President Trump appears to be making some headway in international trade deals. At the G-7 Summit in France this past weekend, it was announced that a trade agreement with Japan has been agreed to in principle after a meeting with Japanese Prime Minister Shinzo Abe.
“It’s a very big transaction, and we’ve agreed in principle,” said Trump. “It’s billions and billions of dollars. Tremendous for the farmers. And one of the things that Prime Minister Abe has also agreed to is we have excess corn in various parts of our country, with our farmers, because China did not do what they said they were going to do. And Prime Minister Abe, on behalf of Japan, they’re going to be buying all of that corn. And that’s a very big transaction.”
Trump and Abe are hopeful that the deal can be finalized in New York next month at the United Nations General Assembly.
Bob White, Director of National Government Relations for Indiana Farm Bureau, told HAT that the ag industry has been hoping for this agreement ever since President Trump withdrew from TPP at the beginning of his term.
“This is a really big deal for US farmers that we have reached agreement and that puts us on a level playing field now with Australia and New Zealand, who basically have been selling to Japan for a couple years because we couldn’t get in.”
In addition to a deal in principle with Japan, perhaps the bigger news from the G-7 is that China appears to have blinked first after the escalation of the trade war over the weekend. After announcing new tariffs on Friday, Trump threatened to declare a national emergency that would result in American businesses freezing their relationships with China.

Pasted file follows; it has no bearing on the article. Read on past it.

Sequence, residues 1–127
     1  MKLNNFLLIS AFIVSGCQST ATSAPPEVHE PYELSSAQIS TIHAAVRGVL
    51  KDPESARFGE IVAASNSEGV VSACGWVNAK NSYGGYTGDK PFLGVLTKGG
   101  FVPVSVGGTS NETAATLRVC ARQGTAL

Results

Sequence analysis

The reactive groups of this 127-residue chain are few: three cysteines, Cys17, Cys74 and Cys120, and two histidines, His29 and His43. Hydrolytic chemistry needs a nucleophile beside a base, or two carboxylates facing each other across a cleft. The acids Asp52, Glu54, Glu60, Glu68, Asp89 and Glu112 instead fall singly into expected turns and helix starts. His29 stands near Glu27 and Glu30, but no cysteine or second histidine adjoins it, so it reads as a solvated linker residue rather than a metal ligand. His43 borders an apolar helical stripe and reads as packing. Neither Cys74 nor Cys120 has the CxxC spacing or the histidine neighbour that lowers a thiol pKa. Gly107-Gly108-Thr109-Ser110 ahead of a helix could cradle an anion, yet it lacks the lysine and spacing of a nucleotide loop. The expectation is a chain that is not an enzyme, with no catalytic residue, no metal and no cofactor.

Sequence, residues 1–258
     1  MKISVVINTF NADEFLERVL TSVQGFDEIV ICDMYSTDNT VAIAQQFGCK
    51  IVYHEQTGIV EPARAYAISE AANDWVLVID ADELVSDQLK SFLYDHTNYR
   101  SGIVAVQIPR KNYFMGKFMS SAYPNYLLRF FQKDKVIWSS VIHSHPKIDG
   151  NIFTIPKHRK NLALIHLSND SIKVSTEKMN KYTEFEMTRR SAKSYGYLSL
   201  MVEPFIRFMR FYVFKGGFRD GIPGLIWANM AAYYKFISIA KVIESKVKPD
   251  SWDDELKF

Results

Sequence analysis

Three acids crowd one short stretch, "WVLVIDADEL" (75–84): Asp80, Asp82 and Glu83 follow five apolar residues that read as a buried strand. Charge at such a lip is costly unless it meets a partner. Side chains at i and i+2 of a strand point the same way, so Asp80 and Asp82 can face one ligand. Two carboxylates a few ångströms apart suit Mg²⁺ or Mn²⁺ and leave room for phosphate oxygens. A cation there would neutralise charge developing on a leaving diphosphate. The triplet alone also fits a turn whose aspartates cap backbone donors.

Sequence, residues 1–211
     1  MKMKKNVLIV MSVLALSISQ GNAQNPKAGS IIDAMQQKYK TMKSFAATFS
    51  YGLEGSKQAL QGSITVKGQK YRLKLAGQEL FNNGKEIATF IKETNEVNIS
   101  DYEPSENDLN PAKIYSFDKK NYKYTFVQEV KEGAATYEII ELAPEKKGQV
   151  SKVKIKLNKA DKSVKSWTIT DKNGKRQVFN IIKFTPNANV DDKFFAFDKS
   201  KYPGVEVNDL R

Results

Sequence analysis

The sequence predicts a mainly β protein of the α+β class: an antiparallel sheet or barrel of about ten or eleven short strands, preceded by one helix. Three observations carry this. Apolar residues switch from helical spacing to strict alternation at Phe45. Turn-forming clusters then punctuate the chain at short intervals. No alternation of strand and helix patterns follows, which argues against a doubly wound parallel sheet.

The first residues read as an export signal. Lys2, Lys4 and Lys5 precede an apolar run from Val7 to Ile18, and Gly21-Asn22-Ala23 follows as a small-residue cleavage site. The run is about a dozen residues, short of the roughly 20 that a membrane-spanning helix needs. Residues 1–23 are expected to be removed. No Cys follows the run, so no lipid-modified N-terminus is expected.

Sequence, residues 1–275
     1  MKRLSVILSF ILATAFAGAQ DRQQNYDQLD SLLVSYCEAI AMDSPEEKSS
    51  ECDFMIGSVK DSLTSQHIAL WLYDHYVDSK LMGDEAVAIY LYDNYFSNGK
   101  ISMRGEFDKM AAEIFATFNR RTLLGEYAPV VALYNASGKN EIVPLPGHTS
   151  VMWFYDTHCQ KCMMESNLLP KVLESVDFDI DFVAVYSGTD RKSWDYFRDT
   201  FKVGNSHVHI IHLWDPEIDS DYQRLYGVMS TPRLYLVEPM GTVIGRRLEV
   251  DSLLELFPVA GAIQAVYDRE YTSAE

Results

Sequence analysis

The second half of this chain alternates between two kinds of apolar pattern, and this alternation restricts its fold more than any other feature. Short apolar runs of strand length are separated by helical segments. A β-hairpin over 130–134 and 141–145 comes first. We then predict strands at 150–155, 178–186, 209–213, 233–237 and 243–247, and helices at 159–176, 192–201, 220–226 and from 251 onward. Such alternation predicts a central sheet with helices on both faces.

Asian markets tumbled and China’s currency hit an 11-year low early Monday, prompting Chinese Vice Premier and lead negotiator Liu He to say, “China is willing to resolve its trade dispute with the United States through calm negotiations and resolutely opposes the escalation of the conflict,” as first reported by Reuters.
President Trump says they’ve lost over 3 million jobs in a short period of time and Chinese President Xi can ill afford to not take action.
“I think they want to make a deal. I’m not sure they have a choice, and I don’t say that as a threat. I don’t think they have a choice. In the meantime, the United States, which has never collected $0.10 from China, will in a fairly short period of time be over $100 billion in tariffs.”
The G-7 Summit concluded on Monday.